I have a confession to make: I no longer like to share. With anyone. At all. And I really don't care who knows it. I'm like Joey on "Friends", on that episode where he refuses to share his French fries with the girl he's dating. "Joey doesn't share food!" he yells. Well, that's become me, only not just with food - with everything.
Oh, sure, I used to make sure to "model" those skills, and I prided myself on the fact that my firstborn never went through a "mine" phase that most toddlers do. (Now I realize that it had more to do with her personality and less to do with my stellar parenting skills - thanks to child #2. But that's a different story.) I used to insist that everyone share everything, from blankets to cookies to crayons. Share your toys at playdates, your Goldfish crackers at preschool, the couch with your sister. Want a bite of Mommy's dinner? No problem! I'll share.
But that was before - before I realized that I no longer have ANYTHING that is all mine. I share a room, a bed, a bathroom, a closet with my husband. My kitchen table is usually covered with homework and art projects and leftover apple slices; my lovingly-tended flower garden has jump ropes and princess figurines lying about. There are Legos and Barbies on the family room floor, even though they each have their own rooms AND a gorgeous playroom. Even my cat has a doll bonnet on his head and a pink bow stuck on his tail. (No joke. He's very tolerant, and lazy enough that it'll likely still be there when they get home from school.) This morning, I found a Webkinz in my bed. I'm pretty sure it's not mine.
Once you become a mom, it's like you're suddenly living in a Communist state: You own nothing, it's all communal property, and a dictator will take your stuff and redistribute it at will. My body, once strong and hard and decked out in designer fashions, became first a milk factory and then a giant napkin for kids to wipe off whatever they found on their hands. (I have a picture of ketchup-y handprints on a white t-shirt covering my eight-months-pregnant belly.) My mind, once used for writing insightful papers on the rise of socialism or the fall of apartheid, is now barely able to remember a newspaper headline, though I can recite Goodnight Moon and The Very Busy Spider from memory.
My car? A total mom-mobile, a disco-blue SUV complete with car seats, stale graham crackers, and school spirit magnets. I used to carry cute handbags that would barely contain the essentials: ID, money, lipstick. Now I could feed a third-world country with the Cheerios at the bottom of my bag, and I've got enough stickers to entertain a classroom full of Kindergartners. My scissors are always missing, even though my kids have their own stuff on their own desks in their own rooms. And don't ask what they did with my toothbrush. You don't want to know. I don't want to know. I'll just get a new one.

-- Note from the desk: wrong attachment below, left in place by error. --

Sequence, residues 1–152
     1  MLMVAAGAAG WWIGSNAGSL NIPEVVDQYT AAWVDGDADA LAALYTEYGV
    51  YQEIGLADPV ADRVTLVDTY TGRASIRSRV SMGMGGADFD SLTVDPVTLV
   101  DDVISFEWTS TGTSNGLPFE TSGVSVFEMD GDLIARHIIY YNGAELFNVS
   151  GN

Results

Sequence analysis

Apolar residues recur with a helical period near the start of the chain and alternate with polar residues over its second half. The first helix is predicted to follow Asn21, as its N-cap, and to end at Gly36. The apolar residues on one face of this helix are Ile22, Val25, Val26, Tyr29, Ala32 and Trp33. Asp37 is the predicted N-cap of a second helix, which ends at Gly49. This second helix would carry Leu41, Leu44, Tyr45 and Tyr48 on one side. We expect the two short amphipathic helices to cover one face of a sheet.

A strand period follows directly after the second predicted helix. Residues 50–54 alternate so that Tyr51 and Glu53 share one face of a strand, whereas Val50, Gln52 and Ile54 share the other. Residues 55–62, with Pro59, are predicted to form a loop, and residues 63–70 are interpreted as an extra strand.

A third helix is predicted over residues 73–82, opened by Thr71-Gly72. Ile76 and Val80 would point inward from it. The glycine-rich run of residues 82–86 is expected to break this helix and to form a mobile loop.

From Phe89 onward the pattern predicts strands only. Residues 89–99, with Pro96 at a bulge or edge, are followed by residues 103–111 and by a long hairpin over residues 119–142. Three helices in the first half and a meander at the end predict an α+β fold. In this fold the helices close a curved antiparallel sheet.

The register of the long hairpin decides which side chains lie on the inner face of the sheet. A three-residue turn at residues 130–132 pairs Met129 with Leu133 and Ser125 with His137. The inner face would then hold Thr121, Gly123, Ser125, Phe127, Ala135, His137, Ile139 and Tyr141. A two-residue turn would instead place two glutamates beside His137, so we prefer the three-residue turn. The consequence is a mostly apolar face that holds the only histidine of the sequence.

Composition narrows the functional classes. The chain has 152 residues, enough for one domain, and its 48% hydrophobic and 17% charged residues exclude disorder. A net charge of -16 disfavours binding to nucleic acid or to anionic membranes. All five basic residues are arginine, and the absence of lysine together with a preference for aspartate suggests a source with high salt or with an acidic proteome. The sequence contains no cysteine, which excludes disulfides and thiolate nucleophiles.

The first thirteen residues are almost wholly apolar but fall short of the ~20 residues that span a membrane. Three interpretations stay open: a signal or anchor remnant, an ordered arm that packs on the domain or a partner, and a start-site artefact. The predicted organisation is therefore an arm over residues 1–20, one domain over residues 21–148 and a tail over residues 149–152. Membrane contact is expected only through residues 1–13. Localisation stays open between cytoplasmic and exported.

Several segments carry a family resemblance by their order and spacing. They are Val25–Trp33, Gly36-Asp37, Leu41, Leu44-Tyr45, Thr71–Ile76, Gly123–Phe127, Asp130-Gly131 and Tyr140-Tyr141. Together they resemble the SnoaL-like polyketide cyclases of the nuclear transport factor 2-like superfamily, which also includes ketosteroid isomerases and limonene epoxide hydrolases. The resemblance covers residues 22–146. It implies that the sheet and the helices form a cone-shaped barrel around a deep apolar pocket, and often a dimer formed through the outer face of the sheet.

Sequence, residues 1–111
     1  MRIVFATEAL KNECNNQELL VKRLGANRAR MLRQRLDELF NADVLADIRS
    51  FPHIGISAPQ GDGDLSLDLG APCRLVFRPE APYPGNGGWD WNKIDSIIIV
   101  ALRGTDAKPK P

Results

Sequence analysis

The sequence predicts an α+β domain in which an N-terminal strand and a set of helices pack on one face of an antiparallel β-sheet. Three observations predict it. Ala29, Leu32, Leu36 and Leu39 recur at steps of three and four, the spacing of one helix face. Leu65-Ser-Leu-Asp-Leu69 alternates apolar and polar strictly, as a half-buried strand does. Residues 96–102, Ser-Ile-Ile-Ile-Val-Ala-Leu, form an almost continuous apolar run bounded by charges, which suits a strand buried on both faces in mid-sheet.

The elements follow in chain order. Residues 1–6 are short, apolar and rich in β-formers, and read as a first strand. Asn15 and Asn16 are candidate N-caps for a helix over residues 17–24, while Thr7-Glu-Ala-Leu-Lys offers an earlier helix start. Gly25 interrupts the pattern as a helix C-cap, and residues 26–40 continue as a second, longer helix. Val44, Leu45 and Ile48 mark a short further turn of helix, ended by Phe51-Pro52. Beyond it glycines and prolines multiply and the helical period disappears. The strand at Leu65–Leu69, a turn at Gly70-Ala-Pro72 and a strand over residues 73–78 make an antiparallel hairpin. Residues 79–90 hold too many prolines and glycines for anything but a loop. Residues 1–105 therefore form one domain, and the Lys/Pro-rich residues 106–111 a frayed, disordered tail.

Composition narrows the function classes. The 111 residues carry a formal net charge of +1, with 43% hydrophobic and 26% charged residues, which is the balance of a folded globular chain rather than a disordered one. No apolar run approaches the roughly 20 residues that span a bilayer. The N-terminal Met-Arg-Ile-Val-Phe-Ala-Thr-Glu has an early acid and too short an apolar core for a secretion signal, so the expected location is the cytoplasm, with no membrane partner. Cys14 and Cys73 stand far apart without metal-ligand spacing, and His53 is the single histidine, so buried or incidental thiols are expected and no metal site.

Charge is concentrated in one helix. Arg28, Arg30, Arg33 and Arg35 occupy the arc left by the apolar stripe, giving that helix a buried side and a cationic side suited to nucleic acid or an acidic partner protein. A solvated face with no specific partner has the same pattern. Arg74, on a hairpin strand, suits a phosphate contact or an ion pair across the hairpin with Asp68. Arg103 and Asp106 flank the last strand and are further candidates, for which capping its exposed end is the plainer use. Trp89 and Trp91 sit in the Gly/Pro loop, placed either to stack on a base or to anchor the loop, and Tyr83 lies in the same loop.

But it's not just the kids. If I open a soda, my husband materializes out of thin air, asking, "Can I have a sip?" And of course, his idea of a sip is about half the can. If I grab a brownie, he's at my side: "Are you going to finish that?" Um, yeah, that was the general idea. I may not have a law degree, but I'm pretty sure that community property laws do not apply to dessert.
As moms, we can so easily lose ourselves when caring for our families. We put them first, their needs way ahead of ours, forgetting that we need to care for ourselves, too. But why? If the kids sit in front of the TV while I finish a cup of coffee before it goes cold and look over the newspaper, that's just fine. Thirty minutes of the boob tube won't take more than a point or two off their IQs, right? And if my husband has to get his own Oreos out of the cookie jar instead of eating mine, he'll live. Furthermore, why do my daughters look like they've just stepped out of the latest Justice or Abercrombie catalogs, while I'm wearing a Target t-shirt from 2002? When - and how - did THAT happen? I used to wear Armani!
And - perhaps most importantly - what am I teaching my daughters about their roles as mothers someday? Will they think that they have no right to a life of their own once they become mothers? That is absolutely not what I want for them; why did I let it happen to me?
So I've decided that enough is enough. If I make myself a piece of toast, no one had better ask me for a bite. Wait two minutes and I'll make you a piece. Better yet, make your own toast! If I just poured a cup of coffee and opened the paper, don't even speak to me unless there's blood or vomit involved in your "emergency." When I get a new nail polish or CD, you'd better believe that I'll be the first one to use it. If I'm on the treadmill, wait until I'm done - or solve your problem yourself. And no, you can't have a sip of my diet Dr. Pepper. It's mine, mine, mine, all mine! (Insert evil laugh here.)
Slacker Mom Says... don't practice what you preach all the time. It's OK to say, "No, that's Mommy's, and you may NOT have any of it." It's OK to make the rest them wait while we paint our nails, finish a workout, or check e-mail. I may have to eat my lunch at 10:30 in the morning, but I am going to make sure that I have some time each day that belongs only to me. And I'm going to reclaim the family room as a toy-free zone. And no one uses my hairbrush anymore. And the French fries at the bottom of the bag? Mine! And the roses on my birthday cake? MINE! (Insert evil laugh here.)